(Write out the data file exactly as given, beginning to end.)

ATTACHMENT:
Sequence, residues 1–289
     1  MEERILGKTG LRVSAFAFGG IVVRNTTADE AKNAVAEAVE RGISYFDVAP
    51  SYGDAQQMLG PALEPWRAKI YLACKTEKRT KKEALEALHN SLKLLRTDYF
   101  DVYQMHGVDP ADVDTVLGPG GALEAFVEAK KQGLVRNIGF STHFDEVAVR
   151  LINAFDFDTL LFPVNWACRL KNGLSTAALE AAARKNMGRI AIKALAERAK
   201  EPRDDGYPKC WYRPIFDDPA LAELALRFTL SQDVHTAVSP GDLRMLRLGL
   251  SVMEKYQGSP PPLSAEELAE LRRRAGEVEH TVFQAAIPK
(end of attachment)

Sequence, residues 1–289
     1  MEERILGKTG LRVSAFAFGG IVVRNTTADE AKNAVAEAVE RGISYFDVAP
    51  SYGDAQQMLG PALEPWRAKI YLACKTEKRT KKEALEALHN SLKLLRTDYF
   101  DVYQMHGVDP ADVDTVLGPG GALEAFVEAK KQGLVRNIGF STHFDEVAVR
   151  LINAFDFDTL LFPVNWACRL KNGLSTAALE AAARKNMGRI AIKALAERAK
   201  EPRDDGYPKC WYRPIFDDPA LAELALRFTL SQDVHTAVSP GDLRMLRLGL
   251  SVMEKYQGSP PPLSAEELAE LRRRAGEVEH TVFQAAIPK